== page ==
In Part One, Zeman recalls her daytime experiences before GENERAL HOSPITAL and discusses the psychological backstory behind the Spencer family dramas.
We Love Soaps: Before you worked on soaps, you were a professional dancer.
Jacklyn Zeman: Yes. I started when I was five. My mother would take me to dance class. I used to dance around my living room. I have such fond memories as a kid of growing up and having something as a kid that empowered me to feel creative, to feel unique, to feel I was doing something different than everyone else in my family.
We Love Soaps: And then your career path led you to a role on THE EDGE OF NIGHT.
Jacklyn Zeman: Yes! Wow, that was like a gazillion years ago. I’m surprised you even know about that! Tony Craig and Dixie Carter, that’s who I got to work with.
We Love Soaps: Do you remember your story?
Jacklyn Zeman: I wasn’t on a long time. It was a short stint. But I loved it. I was so excited. It was my first opportunity to be on anything. I had never worked as an under five or an extra. I walked in and got the part. I was so excited. It gave me such self-confidence that somebody actually trusted me enough to give me a real part on a show. It made me believe in myself to know that I could to this and do it well.
We Love Soaps: Did you not have that confidence before appearing on EDGE OF NIGHT?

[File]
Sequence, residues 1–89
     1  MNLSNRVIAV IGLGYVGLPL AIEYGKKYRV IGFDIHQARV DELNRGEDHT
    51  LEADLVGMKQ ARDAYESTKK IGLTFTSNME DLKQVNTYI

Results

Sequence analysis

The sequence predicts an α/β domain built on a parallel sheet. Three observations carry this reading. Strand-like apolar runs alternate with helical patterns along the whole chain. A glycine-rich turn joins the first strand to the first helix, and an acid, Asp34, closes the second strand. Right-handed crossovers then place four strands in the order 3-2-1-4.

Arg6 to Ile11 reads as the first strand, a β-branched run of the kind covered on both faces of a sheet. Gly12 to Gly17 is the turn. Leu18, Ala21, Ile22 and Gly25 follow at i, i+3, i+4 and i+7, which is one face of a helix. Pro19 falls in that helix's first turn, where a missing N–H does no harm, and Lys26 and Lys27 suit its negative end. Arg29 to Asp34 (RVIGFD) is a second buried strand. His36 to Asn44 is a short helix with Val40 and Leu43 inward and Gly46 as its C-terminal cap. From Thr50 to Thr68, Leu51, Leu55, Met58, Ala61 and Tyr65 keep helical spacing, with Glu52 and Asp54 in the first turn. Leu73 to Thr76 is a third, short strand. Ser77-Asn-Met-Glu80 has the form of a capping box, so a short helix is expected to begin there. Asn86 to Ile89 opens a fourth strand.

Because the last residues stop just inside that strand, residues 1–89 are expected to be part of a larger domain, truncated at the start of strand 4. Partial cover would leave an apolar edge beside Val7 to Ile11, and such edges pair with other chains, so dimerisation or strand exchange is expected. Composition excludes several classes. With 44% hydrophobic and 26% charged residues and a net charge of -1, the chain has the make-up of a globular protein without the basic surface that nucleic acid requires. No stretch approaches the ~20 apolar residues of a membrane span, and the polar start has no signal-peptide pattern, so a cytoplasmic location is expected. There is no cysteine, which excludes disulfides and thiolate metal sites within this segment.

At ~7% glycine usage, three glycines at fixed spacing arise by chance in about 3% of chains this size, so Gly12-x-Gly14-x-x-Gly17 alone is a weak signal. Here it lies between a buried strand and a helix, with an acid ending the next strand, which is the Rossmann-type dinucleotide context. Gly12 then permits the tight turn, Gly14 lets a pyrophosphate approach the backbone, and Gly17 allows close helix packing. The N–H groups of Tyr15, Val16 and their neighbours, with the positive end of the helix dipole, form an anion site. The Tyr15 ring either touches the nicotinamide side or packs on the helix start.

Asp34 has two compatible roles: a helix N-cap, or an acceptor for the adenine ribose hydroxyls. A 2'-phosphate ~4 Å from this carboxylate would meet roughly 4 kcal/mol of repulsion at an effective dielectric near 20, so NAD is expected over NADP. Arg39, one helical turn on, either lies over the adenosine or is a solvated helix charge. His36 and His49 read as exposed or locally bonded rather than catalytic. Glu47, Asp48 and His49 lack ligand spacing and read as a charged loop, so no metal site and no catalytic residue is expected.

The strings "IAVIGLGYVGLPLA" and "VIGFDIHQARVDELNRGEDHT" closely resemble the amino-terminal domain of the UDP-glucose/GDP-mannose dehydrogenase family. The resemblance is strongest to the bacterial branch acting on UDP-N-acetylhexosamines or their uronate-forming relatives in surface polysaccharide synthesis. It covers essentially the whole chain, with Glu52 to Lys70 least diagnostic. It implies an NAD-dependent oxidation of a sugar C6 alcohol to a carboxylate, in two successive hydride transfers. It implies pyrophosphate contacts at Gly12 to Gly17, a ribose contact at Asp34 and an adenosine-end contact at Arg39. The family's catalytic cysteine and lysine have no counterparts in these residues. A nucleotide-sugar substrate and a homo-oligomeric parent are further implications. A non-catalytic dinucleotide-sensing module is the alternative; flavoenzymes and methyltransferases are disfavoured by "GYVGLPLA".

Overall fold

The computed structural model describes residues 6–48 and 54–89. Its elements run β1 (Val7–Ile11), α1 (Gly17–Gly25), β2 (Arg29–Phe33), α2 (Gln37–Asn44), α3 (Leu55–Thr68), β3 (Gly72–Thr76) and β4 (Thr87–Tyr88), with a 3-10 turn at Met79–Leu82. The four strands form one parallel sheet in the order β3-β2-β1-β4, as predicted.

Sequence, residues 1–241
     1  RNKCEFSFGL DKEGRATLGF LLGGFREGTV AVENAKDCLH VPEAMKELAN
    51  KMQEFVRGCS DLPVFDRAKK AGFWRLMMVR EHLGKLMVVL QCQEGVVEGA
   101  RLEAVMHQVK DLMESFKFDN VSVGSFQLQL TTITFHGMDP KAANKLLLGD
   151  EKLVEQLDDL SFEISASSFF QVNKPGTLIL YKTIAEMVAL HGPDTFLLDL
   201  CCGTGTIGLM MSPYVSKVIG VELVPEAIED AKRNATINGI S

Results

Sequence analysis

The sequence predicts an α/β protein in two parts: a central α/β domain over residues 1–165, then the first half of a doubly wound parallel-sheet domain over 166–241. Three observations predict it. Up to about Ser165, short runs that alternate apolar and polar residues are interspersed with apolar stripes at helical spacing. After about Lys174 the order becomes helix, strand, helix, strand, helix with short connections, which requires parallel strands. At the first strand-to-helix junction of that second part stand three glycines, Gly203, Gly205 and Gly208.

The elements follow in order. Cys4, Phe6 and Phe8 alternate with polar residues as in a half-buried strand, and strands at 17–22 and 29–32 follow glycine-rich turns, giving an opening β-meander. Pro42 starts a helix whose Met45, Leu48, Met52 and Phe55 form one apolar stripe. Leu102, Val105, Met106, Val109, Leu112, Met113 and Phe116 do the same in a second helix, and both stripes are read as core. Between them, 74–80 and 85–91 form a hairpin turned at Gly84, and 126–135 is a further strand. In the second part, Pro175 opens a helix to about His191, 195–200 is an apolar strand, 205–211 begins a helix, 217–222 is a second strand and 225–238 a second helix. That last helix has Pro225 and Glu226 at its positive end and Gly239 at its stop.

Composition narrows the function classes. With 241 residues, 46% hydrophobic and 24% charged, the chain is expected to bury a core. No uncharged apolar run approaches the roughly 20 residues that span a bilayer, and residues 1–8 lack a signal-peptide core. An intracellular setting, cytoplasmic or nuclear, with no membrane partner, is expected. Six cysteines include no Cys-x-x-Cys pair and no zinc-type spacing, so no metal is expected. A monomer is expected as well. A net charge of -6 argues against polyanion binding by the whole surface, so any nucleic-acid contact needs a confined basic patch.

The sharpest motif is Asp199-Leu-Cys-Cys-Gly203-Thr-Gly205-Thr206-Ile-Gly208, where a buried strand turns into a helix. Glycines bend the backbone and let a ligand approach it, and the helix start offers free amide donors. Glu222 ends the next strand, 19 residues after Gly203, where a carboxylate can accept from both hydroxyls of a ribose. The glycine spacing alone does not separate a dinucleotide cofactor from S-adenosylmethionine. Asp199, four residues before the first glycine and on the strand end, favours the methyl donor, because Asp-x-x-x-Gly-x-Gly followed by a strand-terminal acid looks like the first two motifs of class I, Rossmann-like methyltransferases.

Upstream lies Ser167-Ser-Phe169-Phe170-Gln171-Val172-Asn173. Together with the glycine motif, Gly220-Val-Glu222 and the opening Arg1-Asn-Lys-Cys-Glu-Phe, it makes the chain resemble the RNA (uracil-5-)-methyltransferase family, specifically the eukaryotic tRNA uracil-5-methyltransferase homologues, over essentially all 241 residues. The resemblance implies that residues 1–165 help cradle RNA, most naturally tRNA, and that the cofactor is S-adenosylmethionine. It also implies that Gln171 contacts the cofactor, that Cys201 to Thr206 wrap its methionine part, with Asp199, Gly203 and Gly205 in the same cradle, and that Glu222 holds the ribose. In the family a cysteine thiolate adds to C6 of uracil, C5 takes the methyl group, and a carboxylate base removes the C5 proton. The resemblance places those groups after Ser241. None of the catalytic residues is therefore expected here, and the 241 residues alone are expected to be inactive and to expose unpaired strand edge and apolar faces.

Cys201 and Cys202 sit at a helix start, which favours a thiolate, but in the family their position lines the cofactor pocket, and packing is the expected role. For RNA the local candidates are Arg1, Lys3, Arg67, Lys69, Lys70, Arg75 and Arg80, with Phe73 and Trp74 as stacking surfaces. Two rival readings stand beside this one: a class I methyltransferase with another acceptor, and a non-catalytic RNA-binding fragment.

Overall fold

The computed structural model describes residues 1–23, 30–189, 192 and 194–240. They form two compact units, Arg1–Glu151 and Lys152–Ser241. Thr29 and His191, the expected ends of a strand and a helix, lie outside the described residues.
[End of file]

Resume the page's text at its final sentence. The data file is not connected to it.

Jacklyn Zeman: I wasn’t sure. I grew up watching soap operas with my mother when I was elementary school. My school was two and a half blocks from my house so you were allowed to go home for lunch. And some of the shows were only 15 minutes then. So we watched SEARCH FOR TOMORROW, GUIDING LIGHT, LOVE OF LIFE, and I loved them. It was a warm and fuzzy feeling because it was time with my mother.
We Love Soaps: You then had a brief stint on ONE LIFE TO LIVE as a very self-destructive young woman [named Lana McClain].
Jacklyn Zeman: Very self-destructive, which was so opposite from who I am as a person so it really required me to hone my acting skills. Most people thought that actors on soaps were kind of like their characters, that they just showed up and were playing themselves. Sort of like reality TV today, it was the most reality TV we had, or that was the perception of the viewers. It certainly was my perception growing up watching soaps. Those people were real to me. They were like family and weren’t just actors playing parts.